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Arsenic and Other Trace Elements in Natural Waters From Argentina and New Zealand: Relationship Between Environmental Exposure and Human Health.

Lord, Gillian M. (2014) Arsenic and Other Trace Elements in Natural Waters From Argentina and New Zealand: Relationship Between Environmental Exposure and Human Health. Doctoral thesis, University of Surrey (United Kingdom)..

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Abstract

Arsenic and other trace elements were analysed in natural waters and human biological samples (scalp hair, nails and blood serum) from the high-arsenic provinces of Santa Fe and San Juan in Argentina by inductively coupled plasma mass spectrometry (ICP-MS). Arsenic species were also analysed in waters from Santa Fe and Rio Negro (low-arsenic province) using a solid phase extraction (SPE) technique and evaluated in relation to pH and redox potential (Eh). In Santa Fe and San Juan the water arsenic levels typically exceeded the World Health Organisation (WHO) and Argentine standard for drinking water of 10 &amp;mu;g/1 As, ranging 11.1 - 1050 and 1.49 - 14900 &amp;mu;g/l As, respectively. The impact of this arsenic exposure was reflected in the hair (0.03 - 7.85 mg/kg As), fingernail (0.08 - 16.7 mg/kg As) and toenail (0.07 - 21.1 mg/kg As) washed samples from Santa Fe, with statistically significant correlations (Spearman, P < 0.01) observed against the well water across the whole population. In contrast, no statistically significant correlations (at P < 0.05) were found between the samples from San Juan: hair, 0.01 - 241.7 mg/kg As; toenails: 0.04 - 0.55 mg/kg As, and; blood serum 0.26 -721 &amp;mu;g/l As. The relationship between arsenic exposure and the presence of a chronic health disorder, specifically type 2 diabetes mellitus (T2DM), was evaluated in both populations. The toenail arsenic levels in the healthy/control participants were significantly higher (Mann-Whitney U-test, P < 0.01), compared to those with a chronic health disorder, including T2DM. These differences were thought to be due to an improved arsenic metabolism in individuals with a high body mass index (BMI). Further differences were found for hair and blood serum, with significantly (P < 0.01) higher levels of arsenic observed in the samples from the T2DM population, suggesting a relationship between arsenic and T2DM. A number of statistically significant correlations were found between arsenic, selenium and vanadium in the biological samples from the control and T2DM groups. However, due to the complexity of T2DM, no conclusive relationships could be found between this disorder and arsenic. A further study was conducted on the geothermal waters from Copahue-Caviahue in Argentina and the Taupo Volcanic Zone (TVZ) in New Zealand. Analysis of the Upper Rio Agrio waters on Copahue volcano (466 - 614 &amp;mu;g/l As) indicated that the volcano could be a source of the arsenic contamination across Argentina. In addition, the geothermal waters in New Zealand highlighted a potential minor exposure route of dermal absorption which may affect bathers in these waters or individuals using high-arsenic ground or surface waters for self-washing in Argentina.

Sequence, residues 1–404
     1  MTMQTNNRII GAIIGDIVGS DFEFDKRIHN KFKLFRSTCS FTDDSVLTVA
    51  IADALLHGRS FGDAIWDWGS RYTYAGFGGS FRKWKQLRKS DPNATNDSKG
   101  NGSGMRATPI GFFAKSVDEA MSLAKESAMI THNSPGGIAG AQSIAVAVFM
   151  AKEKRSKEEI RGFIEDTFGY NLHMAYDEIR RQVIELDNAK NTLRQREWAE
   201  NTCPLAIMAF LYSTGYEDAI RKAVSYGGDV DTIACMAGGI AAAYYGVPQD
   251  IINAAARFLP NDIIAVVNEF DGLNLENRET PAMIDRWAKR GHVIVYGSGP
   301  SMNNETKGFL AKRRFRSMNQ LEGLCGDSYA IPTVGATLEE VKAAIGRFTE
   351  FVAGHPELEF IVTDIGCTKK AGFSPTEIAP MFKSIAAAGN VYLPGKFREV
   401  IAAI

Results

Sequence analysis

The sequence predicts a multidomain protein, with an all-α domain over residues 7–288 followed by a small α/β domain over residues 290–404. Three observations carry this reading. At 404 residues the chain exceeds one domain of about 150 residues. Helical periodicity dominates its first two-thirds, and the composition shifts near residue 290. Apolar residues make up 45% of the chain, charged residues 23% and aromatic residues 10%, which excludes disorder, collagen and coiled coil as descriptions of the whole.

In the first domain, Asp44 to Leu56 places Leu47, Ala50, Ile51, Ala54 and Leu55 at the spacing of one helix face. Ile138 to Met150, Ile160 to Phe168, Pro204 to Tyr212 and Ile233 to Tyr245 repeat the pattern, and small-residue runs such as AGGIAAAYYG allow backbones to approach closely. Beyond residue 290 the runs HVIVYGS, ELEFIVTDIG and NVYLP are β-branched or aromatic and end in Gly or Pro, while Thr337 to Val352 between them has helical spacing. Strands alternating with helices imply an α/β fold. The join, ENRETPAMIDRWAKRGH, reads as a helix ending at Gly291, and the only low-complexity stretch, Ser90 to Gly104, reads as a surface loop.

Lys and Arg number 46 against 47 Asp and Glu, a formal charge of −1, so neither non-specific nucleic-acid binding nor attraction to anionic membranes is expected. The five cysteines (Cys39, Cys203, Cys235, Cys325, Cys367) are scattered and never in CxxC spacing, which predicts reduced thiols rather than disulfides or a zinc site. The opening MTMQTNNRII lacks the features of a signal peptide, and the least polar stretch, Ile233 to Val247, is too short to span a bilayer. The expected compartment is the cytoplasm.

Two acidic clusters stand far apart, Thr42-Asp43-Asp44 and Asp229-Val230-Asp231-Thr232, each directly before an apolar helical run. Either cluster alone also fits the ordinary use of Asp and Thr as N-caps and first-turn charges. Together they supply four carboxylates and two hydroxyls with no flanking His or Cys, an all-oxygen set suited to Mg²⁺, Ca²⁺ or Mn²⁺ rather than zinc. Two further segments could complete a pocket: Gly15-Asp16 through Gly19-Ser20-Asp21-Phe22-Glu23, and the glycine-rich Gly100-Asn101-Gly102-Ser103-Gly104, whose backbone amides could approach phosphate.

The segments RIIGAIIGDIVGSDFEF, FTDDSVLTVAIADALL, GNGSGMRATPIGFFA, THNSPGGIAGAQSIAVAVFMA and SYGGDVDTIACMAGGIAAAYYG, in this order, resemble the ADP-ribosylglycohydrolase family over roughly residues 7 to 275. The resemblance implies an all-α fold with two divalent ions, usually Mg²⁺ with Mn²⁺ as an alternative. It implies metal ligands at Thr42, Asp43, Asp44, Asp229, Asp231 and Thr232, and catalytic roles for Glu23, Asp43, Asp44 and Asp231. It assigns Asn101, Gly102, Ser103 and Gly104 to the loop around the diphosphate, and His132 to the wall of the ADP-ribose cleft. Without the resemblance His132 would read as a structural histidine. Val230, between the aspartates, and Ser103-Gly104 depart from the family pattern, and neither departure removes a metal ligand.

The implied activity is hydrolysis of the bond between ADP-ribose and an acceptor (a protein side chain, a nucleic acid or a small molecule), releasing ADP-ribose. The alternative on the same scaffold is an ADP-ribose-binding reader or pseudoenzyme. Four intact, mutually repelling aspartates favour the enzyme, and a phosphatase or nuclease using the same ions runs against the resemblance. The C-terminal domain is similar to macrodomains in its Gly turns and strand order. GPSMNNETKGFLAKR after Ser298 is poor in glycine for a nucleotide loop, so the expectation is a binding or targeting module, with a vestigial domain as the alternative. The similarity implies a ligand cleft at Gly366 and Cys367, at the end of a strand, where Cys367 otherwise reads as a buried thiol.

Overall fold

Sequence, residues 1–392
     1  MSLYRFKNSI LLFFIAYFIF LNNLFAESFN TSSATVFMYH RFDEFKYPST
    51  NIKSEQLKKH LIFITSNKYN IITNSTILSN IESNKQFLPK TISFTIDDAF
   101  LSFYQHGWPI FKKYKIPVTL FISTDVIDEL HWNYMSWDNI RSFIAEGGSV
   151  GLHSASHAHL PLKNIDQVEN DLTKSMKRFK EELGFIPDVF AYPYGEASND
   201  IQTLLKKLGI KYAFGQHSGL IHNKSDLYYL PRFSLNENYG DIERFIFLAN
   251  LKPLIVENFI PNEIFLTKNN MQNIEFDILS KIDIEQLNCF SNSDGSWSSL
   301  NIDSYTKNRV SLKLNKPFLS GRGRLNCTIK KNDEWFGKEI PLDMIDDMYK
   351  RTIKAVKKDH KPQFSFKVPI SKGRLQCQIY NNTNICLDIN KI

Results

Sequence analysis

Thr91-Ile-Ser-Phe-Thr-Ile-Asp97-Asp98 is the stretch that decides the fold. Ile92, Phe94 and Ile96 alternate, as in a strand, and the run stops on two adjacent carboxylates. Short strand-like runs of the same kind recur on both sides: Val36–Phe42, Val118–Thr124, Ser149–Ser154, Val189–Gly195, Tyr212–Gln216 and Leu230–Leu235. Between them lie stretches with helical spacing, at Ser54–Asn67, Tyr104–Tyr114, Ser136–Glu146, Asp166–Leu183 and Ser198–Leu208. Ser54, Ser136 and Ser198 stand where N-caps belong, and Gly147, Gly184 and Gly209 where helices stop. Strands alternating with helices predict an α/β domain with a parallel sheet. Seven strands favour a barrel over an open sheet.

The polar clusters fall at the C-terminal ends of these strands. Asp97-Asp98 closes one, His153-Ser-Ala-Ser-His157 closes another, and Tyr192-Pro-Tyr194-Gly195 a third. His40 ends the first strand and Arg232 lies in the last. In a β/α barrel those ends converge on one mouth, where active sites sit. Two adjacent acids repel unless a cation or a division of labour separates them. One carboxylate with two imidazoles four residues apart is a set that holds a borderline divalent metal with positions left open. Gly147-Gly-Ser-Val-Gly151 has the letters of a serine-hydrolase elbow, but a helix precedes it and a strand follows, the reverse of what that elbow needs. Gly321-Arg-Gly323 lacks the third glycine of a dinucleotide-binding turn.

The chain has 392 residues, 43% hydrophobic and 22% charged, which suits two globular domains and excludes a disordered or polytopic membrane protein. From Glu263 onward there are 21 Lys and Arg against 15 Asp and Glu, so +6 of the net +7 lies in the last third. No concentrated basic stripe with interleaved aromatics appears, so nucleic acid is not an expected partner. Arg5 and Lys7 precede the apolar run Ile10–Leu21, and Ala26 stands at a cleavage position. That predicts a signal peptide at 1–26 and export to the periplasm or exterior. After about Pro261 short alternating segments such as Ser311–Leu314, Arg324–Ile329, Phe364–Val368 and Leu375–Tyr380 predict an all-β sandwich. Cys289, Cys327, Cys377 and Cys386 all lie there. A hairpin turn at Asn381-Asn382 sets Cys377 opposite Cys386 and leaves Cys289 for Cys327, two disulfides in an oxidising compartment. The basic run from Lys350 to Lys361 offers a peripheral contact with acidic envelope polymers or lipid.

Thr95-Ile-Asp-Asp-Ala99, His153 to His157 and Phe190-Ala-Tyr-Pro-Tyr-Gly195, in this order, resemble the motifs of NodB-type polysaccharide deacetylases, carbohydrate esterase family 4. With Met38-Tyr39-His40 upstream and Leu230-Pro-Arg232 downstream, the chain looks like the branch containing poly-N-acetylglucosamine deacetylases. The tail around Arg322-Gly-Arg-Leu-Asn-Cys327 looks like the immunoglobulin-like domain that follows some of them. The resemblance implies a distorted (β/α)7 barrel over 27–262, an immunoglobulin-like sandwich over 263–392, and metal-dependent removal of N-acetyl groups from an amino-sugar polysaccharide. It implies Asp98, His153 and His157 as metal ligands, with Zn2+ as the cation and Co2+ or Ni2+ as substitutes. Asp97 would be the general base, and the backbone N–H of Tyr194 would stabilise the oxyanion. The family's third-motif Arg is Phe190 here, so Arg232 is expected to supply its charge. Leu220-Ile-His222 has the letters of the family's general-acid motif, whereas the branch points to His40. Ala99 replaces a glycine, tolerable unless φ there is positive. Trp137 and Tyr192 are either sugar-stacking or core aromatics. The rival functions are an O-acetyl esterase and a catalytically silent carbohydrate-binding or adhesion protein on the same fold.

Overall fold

Item Type: Thesis (Doctoral)
Divisions : Theses
Authors : Lord, Gillian M.
Date : 2014
Additional Information : Thesis (Ph.D.)--University of Surrey (United Kingdom), 2014.
Depositing User : EPrints Services
Date Deposited : 06 May 2020 12:15
Last Modified : 06 May 2020 12:20
URI: http://epubs.surrey.ac.uk/id/eprint/855840

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